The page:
The definition of an ES cell is constantly evolving. The two key features which define ES cells are: 1) their capacity for prolonged culture (1 year duration) without differentiating into any cell type, and 2) throughout long periods of cultivation in culture, their retention of the ability to develop into any cell type in the adult body. Several markers for ES cells have been proposed, but there are clear differences between ES cells from various species with respect to expression of these markers. In this proposal, we aim to use several complimentary approaches to establish markers for equine ES cells and firmly establish our ES cell lines as totipotent ES cells.
In tissue culture, isolated ES cells can either spontaneously differentiate into any cell type or be propagated as ES cells for prolonged periods of time. During the 2003 funding period, we established methods for isolation of the ICM and culture conditions necessary to support the propagation of equine ES cells. Currently ( 8/17/03 ) our oldest culture of ES cells is 10 weeks old. As stated above, a hallmark identification of ES cells is the capacity for prolonged (1 year) propagation in a totipotent state. While the existence of 10-week old cultures that appear to be ES cells based on their shape (morphology) and staining for markers (immunohistochemistry) is encouraging, further propagation with continuous testing is required to definitively identify our cells as totipotent ES cells.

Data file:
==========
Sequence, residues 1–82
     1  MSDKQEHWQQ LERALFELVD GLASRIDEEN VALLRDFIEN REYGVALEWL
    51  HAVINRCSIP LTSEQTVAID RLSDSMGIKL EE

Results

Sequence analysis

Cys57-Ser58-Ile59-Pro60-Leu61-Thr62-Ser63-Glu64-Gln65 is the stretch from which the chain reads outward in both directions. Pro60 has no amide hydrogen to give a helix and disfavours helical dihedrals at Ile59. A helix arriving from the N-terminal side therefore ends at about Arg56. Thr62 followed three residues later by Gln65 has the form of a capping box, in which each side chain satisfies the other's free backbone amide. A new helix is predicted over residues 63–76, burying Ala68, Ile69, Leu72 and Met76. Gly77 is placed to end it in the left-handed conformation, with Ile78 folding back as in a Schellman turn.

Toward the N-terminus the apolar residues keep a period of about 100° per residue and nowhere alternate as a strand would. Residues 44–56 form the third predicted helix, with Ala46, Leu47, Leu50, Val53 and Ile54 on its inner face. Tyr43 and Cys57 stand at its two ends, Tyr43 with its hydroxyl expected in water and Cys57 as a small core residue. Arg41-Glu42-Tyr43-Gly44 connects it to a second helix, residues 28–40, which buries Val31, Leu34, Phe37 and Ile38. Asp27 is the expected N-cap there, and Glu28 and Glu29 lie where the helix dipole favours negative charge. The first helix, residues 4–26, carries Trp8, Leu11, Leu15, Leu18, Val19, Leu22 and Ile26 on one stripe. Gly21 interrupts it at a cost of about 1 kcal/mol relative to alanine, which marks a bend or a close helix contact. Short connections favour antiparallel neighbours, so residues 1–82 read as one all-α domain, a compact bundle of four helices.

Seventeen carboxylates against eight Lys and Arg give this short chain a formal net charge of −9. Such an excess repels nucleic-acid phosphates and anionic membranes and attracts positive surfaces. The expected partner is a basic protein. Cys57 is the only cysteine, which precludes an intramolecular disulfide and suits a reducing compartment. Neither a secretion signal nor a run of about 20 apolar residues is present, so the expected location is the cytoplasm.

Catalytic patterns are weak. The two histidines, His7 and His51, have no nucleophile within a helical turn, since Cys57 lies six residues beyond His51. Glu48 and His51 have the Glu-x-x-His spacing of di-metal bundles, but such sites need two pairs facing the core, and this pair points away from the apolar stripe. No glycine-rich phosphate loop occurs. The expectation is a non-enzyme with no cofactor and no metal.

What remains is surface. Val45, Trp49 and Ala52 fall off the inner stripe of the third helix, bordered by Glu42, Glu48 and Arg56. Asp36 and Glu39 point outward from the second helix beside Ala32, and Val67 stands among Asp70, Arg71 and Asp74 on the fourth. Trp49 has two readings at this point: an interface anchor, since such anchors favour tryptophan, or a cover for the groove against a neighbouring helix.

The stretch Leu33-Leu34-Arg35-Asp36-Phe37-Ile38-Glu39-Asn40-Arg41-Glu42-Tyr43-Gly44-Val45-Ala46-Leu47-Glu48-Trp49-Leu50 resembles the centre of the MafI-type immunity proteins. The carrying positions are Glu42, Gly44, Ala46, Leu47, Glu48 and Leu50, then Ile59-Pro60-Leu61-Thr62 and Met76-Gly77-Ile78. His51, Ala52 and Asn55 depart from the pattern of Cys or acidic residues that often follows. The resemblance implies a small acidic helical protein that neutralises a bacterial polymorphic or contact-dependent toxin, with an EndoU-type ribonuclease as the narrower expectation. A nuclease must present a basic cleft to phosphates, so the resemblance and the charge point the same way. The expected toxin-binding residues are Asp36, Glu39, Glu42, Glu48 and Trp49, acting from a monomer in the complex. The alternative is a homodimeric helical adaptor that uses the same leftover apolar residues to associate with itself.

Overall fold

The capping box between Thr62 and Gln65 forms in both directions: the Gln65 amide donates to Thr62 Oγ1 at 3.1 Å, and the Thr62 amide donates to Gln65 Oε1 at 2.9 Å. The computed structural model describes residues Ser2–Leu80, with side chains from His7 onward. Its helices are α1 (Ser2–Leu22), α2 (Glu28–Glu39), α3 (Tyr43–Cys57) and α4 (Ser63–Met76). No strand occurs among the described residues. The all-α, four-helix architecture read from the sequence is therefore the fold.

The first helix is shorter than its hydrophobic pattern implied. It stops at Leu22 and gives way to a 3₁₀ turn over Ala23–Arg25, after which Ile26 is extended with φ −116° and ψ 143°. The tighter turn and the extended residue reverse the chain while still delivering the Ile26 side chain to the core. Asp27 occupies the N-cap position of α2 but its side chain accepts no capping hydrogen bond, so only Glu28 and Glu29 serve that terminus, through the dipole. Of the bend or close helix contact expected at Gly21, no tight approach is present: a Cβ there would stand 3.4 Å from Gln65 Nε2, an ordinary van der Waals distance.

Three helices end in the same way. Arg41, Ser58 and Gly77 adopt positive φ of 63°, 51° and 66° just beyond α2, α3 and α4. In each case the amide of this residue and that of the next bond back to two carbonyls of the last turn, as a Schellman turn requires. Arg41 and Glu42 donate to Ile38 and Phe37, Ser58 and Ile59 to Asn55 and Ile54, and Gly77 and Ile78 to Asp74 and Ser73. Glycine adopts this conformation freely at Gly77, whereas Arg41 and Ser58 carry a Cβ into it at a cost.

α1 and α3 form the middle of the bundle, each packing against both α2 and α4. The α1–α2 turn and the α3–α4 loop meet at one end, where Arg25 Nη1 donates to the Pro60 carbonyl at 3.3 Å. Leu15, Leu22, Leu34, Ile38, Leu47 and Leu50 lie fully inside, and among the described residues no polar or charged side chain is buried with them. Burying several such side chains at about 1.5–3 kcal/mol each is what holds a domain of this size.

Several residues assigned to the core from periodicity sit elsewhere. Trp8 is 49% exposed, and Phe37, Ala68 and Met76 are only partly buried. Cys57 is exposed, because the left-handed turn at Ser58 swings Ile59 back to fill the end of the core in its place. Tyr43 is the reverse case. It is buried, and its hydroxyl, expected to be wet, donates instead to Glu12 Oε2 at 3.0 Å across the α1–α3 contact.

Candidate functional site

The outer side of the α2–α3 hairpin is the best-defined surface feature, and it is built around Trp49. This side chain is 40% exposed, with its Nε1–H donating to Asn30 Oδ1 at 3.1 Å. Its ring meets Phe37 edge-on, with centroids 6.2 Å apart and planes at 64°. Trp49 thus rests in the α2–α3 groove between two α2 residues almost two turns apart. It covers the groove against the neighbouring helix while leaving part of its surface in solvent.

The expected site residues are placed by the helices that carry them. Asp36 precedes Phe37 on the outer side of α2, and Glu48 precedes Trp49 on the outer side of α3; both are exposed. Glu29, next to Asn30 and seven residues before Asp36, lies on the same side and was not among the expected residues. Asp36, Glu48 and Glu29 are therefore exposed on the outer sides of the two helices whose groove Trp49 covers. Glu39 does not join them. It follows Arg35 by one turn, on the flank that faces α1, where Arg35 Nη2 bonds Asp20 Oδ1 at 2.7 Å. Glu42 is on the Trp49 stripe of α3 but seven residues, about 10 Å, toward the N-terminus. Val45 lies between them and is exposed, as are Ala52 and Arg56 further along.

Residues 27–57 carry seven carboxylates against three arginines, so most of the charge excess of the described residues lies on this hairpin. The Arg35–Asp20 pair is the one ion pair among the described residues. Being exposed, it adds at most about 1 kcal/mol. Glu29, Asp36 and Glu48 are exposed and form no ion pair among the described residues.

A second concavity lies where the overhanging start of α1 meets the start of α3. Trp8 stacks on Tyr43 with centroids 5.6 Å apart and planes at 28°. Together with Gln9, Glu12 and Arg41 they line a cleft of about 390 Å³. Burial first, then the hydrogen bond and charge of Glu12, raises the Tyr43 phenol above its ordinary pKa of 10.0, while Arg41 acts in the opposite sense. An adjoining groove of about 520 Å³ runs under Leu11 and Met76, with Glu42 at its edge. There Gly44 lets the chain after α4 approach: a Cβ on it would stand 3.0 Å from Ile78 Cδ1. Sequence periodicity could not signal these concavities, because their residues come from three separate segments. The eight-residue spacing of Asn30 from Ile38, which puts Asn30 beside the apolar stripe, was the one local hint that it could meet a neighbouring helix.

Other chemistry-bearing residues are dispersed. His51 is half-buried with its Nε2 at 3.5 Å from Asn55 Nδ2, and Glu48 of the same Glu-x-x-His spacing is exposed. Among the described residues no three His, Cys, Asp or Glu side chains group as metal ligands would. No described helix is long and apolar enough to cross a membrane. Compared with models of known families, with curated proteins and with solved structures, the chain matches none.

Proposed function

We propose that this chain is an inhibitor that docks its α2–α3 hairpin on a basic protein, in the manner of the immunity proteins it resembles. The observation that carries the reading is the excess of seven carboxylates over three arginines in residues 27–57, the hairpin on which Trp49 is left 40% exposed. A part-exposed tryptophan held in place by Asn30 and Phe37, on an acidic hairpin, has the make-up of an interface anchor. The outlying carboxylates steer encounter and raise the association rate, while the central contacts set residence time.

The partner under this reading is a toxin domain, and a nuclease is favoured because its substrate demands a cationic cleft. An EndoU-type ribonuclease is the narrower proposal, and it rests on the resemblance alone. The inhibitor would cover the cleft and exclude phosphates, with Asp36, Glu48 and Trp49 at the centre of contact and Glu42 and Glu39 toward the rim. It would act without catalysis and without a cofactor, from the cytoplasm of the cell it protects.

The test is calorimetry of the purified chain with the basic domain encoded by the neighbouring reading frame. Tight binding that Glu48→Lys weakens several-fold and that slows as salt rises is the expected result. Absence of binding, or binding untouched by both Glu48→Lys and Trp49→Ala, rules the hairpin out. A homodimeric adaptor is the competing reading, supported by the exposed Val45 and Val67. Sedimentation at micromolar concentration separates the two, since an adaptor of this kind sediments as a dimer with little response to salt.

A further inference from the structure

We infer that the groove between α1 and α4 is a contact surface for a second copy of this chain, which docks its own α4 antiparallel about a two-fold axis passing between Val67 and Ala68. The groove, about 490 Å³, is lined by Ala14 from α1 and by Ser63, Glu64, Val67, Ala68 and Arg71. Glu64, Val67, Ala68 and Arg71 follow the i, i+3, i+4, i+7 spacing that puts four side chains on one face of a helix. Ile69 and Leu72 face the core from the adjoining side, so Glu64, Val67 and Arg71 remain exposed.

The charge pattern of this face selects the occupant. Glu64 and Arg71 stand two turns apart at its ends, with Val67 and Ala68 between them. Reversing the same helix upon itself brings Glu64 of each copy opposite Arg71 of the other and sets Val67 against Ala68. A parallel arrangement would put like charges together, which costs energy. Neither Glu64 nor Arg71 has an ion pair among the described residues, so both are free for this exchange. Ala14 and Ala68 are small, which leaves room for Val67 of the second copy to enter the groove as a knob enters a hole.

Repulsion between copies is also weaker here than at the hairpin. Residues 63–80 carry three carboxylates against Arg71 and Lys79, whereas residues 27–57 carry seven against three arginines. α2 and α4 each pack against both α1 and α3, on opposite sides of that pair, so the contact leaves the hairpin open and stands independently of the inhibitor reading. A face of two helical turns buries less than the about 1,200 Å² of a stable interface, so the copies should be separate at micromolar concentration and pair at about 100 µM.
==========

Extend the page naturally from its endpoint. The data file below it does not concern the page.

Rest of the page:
The goal of this proposal is to build on the progress made during the 2003 funding period where we established two putative ES cell lines. In the studies outlined in this proposal, we will continue to culture the ES cells for a minimum of one year. Like human ES cells, equine ES cells are best maintained on a feeder layer of cells. The feeder cells are irradiated prior to use so that they can't divide and take over a culture, yet they can still synthesize proteins. These cells provide unknown factors which are necessary for ES cells survival and to maintain them in a totipotent state. We established feeder cells during the 2003 funding period and have frozen stocks available for use. We will propagate our putative ES cells every 4-7 days onto fresh feeder cells. During the extended propagation of ES cells, we will regularly perform (every 3 months) a series of assays to determine if our ES cell lines retain the characteristics of totipotent ES cells. We will then be able to freeze stocks of ES cells for future use.